Minister for Law, Mr K Shanmugam, will be introducing the Protection from Harassment Bill 2014 for First Reading on 3rd March. It will provide a range of self-help measures, civil remedies and criminal sanctions to better protect people from harassment and related anti-social behaviour.
Harassment will be an offence. It will cover a range of behavior, including cyber harassment, bullying of children, sexual harassment within and outside the workplace and stalking. Stalking will also be an offence, if there is a course of conduct related to stalking, and which causes harassment, alarm or distress.
The existing protection for public servants will be extended to workers who deliver essential services to the general public, such as public healthcare workers and public transport workers.
The existing penalties for harassment offences will be increased to reflect their seriousness, and enhanced penalties will be provided for repeat offenders. The Court will also be empowered to make community orders in appropriate cases.
The offences will apply to acts committed outside Singapore as long as certain conditions are satisfied. For example, where an offender who is overseas commits any acts of stalking against a victim who is in Singapore, and the offender knew or ought to have known that the victim would be in Singapore at the time the acts were committed, the offence of stalking will apply.
Self-help and civil remedies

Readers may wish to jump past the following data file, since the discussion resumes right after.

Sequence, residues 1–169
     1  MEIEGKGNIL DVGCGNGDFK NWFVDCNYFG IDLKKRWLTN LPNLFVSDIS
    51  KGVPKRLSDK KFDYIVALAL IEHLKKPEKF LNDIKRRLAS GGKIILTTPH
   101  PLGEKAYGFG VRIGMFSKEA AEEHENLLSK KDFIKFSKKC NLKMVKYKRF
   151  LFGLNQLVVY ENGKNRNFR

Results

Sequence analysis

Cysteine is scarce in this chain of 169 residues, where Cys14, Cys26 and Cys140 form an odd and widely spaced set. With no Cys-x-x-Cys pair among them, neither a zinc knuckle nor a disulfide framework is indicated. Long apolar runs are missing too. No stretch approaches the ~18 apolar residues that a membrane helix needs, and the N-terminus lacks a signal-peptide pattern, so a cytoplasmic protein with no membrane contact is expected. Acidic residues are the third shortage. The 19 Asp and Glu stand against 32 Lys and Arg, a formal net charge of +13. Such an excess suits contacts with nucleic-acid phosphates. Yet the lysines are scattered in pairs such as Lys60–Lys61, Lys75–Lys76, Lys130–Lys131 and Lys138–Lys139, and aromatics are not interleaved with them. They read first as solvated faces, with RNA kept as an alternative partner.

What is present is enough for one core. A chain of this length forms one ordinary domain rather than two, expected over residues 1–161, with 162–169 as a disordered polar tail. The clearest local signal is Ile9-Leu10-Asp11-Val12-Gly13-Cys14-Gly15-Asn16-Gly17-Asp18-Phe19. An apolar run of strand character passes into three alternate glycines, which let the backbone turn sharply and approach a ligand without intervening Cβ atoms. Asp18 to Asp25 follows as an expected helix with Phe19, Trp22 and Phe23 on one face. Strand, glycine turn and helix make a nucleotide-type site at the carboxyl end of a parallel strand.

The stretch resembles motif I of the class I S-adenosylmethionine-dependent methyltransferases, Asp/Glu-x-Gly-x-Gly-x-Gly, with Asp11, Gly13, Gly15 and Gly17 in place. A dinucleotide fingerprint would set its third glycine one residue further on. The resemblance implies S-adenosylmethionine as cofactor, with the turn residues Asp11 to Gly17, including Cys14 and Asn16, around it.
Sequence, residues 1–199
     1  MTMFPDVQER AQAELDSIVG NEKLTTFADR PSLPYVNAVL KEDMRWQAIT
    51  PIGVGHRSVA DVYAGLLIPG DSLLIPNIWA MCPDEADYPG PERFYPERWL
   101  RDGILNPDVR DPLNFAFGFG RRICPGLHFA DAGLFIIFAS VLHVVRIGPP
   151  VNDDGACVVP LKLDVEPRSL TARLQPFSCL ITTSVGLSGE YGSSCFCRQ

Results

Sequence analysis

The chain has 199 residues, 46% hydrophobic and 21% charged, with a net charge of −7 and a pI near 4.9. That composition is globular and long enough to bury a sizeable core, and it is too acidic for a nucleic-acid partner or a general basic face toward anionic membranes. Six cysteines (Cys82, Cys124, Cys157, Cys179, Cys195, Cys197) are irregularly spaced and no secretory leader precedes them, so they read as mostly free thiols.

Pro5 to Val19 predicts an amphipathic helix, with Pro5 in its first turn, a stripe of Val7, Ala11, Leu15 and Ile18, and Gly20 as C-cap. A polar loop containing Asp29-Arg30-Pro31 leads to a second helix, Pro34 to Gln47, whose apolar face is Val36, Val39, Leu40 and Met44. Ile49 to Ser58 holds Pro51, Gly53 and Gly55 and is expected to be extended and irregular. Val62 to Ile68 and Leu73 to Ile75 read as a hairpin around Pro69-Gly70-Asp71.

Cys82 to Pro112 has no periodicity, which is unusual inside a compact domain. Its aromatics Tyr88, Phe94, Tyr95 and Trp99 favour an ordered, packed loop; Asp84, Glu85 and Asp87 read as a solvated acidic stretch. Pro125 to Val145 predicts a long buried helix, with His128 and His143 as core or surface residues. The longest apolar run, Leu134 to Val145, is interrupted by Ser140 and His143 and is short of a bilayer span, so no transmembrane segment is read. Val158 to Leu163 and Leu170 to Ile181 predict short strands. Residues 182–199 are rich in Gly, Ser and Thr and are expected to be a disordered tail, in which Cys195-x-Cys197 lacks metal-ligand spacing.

Under the Bill, there will be avenues for self-help and civil remedies for victims of harassment. For example, the victims may apply to the Court for Protection Orders requiring harassers to desist from doing anything which may cause further harm to them. An Expedited Protection Order to protect the victims may be granted in cases of urgency.
Where harassing conduct is made out, the Court may, in appropriate cases, also give a Protection Order requiring the harasser or a third party to remove the offending material which caused harassment. Breaches of Protection Orders and Expedited Protection Orders will amount to offences under the Bill.
A victim who has false facts alleged against him can also resort to self-help remedies. If the victim can prove in court that the facts are false, the court can direct suitable notification which alerts readers that the facts are false. The form of notification will be at the discretion of the Courts.
The Ministry of Law and the Ministry of Home Affairs consulted extensively with stakeholders such as AWARE, the Singapore Children’s Society, the Coalition Against Bullying for Children and Youth, and lawyers who have represented victims of harassment. Some of these proposals were discussed at a conference organised by the Institute of Policy Studies in November 2013. A copy of the conference report is available on IPS’ website.